Jesus Erased: Porsche Facing Backlash Over Ad’s Omission

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James Lasher

Luxury car brand Porsche has found itself in hot water following the release of an advertisement celebrating 60 years of the Porsche 911.

The advertisement has drawn criticism for apparently editing out the Cristo Rei—a statue of Jesus Christ that stands as a prominent Christian symbol overlooking the city of Lisbon, Portugal.

The German company, renowned for its high-end sports cars, launched a campaign last week commemorating six decades of “very fast years” for the Porsche 911 and introducing a special edition model, the 2024 Porsche 911 S/T. The ad, spanning about two and a half minutes, showcases the evolution of the iconic 911.

A version of the ad posted on the company’s website features the 911 cruising across the screen against the backdrop of the bridge and river adjacent to the Cristo Rei. However, the 92-foot-tall statue of Jesus is conspicuously absent from the concrete pedestal it usually graces. This edit was spotted by a social media user, whose post highlighting the omission quickly went viral. In response, Porsche issued a statement to FOX Business, explaining, “In an early version of a film created in Europe, the Cristo Rei Statue does not appear. We are truly sorry and can fully understand the hurt this has caused. This film has been removed.”


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To address the backlash, Porsche uploaded a revised version of the 60th-anniversary video on its YouTube account. This version restores the presence of the statue of Jesus Christ atop the pedestal overlooking the Tagus River, which separates the Portuguese cities of Almada and Lisbon.

The statue, known as the Santuário de Cristo Rei or the Sanctuary of Christ the King, was erected in 1959 as an expression of gratitude for Portugal’s neutrality during World War II. The monument depicts Christ with outstretched arms, blessing the city of Lisbon.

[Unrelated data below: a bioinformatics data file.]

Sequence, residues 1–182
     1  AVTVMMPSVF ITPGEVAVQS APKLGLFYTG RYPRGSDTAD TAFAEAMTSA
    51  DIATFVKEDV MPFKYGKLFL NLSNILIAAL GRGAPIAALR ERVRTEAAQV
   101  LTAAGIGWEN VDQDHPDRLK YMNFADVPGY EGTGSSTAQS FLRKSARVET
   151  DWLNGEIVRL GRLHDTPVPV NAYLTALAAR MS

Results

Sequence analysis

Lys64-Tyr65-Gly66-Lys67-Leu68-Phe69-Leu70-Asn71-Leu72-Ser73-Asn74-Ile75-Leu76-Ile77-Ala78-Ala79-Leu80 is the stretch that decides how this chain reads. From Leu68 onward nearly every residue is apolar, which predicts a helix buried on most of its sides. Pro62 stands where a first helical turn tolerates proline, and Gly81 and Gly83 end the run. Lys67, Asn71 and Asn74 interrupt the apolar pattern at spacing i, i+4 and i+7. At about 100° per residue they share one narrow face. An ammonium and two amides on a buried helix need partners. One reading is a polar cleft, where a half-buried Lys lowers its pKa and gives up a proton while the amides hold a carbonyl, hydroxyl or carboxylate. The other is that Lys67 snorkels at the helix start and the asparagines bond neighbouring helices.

This incident involving Porsche aligns with a pattern of institutions facing backlash for decisions that remove Christian symbols. In 2017, budget supermarket Lidl faced criticism for airbrushing Christian crosses from packaging to maintain a “religiously neutral” stance. More recently, the London School of Economics faced backlash for changing its Christian term names, evoking accusations of being ashamed of Britain’s history and culture. Other universities, such as Swansea University and the University of Kent, have also been accused of downplaying Christian heritage in favor of secular alternatives.


The controversy surrounding the Porsche advertisement reflects a broader tension between maintaining cultural heritage and faith, and adapting to the demands of a secular world. As Christian symbols face erasure or alteration, it raises questions about the preservation of tradition, faith and values in an ever-evolving landscape, and continuing attempts to erase images of Jesus from society at every turn.

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James Lasher is Staff Writer for Charisma Media.


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